Magnifiers and bug drawings

I am always on the look out for unusual items to add to my classroom and recently I picked up two different kinds of magnifiers at a local IAEYC conference I attended.

We have been talking about bugs recently, so I invited the children to draw some of their own bugs and then see how they look underneath a magnifier.

I set out our permanent markers that the children always use (they are starting to dry out now) and white post card sized paper for the children to draw on.

The children spent quite some time drawing “bugs” and perhaps other little objects then putting them underneath magnifier to take a closer look.

One thing we talked about is how you don’t have to put your eyeball directly on the magnifier. And that if you will move the magnifier around on the paper, you can see the objects get large and smaller.

The children are still figuring out how best to use the magnifiers but this was one way to integrate a little drawing into our exploration and use of the magnifiers.

Oh, and this is the other magnifier I found. It actually stands up on a stand and some of the children liked to look through the lens while they drew their bugs.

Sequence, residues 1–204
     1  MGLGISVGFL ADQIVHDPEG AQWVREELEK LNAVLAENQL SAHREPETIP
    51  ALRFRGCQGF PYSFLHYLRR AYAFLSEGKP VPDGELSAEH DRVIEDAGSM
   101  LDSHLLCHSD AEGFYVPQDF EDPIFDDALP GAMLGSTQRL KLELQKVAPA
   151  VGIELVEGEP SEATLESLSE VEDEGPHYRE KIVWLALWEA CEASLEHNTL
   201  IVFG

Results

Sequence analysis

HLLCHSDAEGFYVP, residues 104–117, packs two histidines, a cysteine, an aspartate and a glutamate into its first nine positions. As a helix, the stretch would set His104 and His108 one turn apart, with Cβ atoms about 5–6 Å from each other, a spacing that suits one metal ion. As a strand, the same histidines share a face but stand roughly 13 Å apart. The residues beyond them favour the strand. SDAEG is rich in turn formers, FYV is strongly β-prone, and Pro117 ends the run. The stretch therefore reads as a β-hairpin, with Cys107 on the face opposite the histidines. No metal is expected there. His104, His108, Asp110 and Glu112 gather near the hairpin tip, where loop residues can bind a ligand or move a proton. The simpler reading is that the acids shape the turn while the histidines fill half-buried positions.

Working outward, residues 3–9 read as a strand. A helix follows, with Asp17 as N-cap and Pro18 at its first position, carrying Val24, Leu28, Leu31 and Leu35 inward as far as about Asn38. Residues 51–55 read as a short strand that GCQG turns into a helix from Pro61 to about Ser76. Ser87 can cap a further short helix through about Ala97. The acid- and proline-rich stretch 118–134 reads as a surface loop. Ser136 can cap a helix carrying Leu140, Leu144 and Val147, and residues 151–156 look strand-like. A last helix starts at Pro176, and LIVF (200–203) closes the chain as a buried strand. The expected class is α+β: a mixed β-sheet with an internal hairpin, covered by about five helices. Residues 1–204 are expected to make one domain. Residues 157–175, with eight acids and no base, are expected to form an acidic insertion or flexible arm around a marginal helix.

And one of their favorite things with all the magnifiers was to look at their hands (some of the children came to school with tattoos on their hands).

Both types of magnifiers were a big hit. The children used them all throughout the day and we will continue to use them for other types of exploration as well.

These children are quite the scientists!

Now – why are all those marker lids off? Hmmm…. So that’s why all the markers are drying out!

Am I the only one with a whole bunch of markers and no lids? I wonder where all those lids went?

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Deborah J Stewart

Deborah J Stewart

Every time I think I know everything I need to know about teaching young children, God says, "Hold on a minute!" and gives me a new challenge.

Let me tell ya...

With each new challenge that you overcome, you will find yourself better equipped and more passionate about teaching young children.

God didn't call wimps to lead, teach, or care for His children. Nope, he has high expectations, so get ready. You will have to give your very best but after teaching for over 30 years, I can tell you that it is a wonderful and rewarding journey.

Whenever your calling feels hard, just remember, 'He who began a good work in you (and in the children you serve) will be faithful to complete it.'

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